When you walk through the door, how do you think you come across? The real truth, says Heidi Grant Halvorson, author of No One Understands You And What To Do About It (Harvard Business Review, £14.99), is that most of us don’t come across the way we intend.
‘We can’t see ourselves objectively. Human beings have a tendency to distort other people’s feedback to fit their own views – which can be a huge problem at work and in your personal life. People may not trust you, may not like you, or may not even notice you as a result of these errors in perception,’ she says.
Previously we have looked at making a first impression, and confident behaviour. Here's step three:
Focus on their needs, not yours
When you’ve adjusted your body language, take the attention off yourself and switch it on to the other person, says psychologist Tomas Chamorro-Premuzic, author of Confidence: The Surprising Truth About How Much You Need And How To Get It (Profile Books, £9.99).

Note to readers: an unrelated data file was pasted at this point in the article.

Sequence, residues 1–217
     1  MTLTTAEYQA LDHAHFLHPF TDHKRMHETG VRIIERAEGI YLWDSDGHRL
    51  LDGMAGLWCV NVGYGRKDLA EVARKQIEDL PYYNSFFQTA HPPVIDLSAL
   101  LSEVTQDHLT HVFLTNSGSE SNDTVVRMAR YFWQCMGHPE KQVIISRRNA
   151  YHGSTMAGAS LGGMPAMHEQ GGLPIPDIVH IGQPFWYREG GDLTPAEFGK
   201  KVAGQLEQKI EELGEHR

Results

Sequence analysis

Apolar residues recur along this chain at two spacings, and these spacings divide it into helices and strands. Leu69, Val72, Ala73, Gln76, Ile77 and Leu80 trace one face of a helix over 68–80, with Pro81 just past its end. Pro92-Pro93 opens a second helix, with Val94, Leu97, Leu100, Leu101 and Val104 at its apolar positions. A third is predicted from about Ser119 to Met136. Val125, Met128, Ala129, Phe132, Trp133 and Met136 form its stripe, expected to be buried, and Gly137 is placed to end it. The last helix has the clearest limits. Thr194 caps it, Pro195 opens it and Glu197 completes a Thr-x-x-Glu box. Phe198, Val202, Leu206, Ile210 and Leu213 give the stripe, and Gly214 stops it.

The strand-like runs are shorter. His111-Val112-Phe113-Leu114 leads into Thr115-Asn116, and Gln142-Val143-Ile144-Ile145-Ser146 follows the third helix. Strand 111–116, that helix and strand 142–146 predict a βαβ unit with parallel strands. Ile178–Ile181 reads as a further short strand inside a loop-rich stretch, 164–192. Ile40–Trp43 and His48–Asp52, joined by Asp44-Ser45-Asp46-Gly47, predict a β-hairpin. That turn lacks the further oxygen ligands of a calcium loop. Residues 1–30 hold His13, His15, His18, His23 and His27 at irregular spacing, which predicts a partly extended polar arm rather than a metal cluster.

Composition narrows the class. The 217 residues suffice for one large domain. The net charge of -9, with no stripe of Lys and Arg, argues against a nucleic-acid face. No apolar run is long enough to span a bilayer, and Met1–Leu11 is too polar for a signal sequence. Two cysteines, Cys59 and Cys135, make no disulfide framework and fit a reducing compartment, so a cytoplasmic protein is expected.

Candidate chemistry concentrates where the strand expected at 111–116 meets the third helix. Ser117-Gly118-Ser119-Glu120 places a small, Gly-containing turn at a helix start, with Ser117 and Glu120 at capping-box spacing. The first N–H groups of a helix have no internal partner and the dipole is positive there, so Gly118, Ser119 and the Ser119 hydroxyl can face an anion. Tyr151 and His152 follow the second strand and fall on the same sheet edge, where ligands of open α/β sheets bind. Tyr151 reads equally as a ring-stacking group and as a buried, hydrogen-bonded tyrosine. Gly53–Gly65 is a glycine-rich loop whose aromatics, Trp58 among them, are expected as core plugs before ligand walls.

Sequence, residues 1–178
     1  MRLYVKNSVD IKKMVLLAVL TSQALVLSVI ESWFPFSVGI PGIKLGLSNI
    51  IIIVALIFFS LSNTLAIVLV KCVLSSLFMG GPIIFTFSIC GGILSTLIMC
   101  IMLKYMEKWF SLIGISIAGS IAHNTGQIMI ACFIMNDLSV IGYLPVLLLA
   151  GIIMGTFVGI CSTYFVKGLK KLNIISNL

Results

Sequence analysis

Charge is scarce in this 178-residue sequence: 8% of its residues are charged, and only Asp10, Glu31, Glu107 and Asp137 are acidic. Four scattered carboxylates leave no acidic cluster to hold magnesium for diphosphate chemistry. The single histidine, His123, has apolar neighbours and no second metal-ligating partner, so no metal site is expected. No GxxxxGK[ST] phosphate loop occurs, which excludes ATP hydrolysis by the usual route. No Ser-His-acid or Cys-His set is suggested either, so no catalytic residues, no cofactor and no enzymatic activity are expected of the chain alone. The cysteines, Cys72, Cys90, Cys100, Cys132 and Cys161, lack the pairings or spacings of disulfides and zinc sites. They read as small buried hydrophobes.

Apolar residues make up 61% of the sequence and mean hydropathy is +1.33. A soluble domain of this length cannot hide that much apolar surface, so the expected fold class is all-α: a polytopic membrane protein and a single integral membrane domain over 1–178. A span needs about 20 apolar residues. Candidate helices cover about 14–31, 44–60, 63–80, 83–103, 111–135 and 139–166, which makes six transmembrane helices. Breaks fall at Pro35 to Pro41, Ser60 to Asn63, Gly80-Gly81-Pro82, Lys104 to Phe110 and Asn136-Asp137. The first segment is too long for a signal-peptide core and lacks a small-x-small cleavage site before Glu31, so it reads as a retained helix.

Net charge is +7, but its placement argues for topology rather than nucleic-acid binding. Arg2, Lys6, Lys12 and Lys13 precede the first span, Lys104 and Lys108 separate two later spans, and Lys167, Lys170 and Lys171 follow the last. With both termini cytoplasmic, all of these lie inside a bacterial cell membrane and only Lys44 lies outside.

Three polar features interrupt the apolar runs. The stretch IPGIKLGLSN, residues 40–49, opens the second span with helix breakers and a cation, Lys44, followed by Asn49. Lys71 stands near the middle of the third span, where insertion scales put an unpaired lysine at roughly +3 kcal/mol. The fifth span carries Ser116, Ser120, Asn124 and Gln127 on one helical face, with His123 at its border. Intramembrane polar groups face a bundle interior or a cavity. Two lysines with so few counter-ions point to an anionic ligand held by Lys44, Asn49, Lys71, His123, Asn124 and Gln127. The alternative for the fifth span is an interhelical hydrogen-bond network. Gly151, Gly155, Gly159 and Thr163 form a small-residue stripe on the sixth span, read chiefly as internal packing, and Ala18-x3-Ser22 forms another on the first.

‘We may be worried about our own performance and anxieties, but the trick is to focus on what the other person wants. Ask lots of questions to establish what you can do to help the person you seek to influence to reach their goals. Understand the desires and challenges of your boss and create solutions. Your currency is how useful you can be.’
Halvorson adds: ‘To really get the attention of the most powerful person in the room, you’ll need to let them know how you can help facilitiate their continuing, increasing awesomeness.’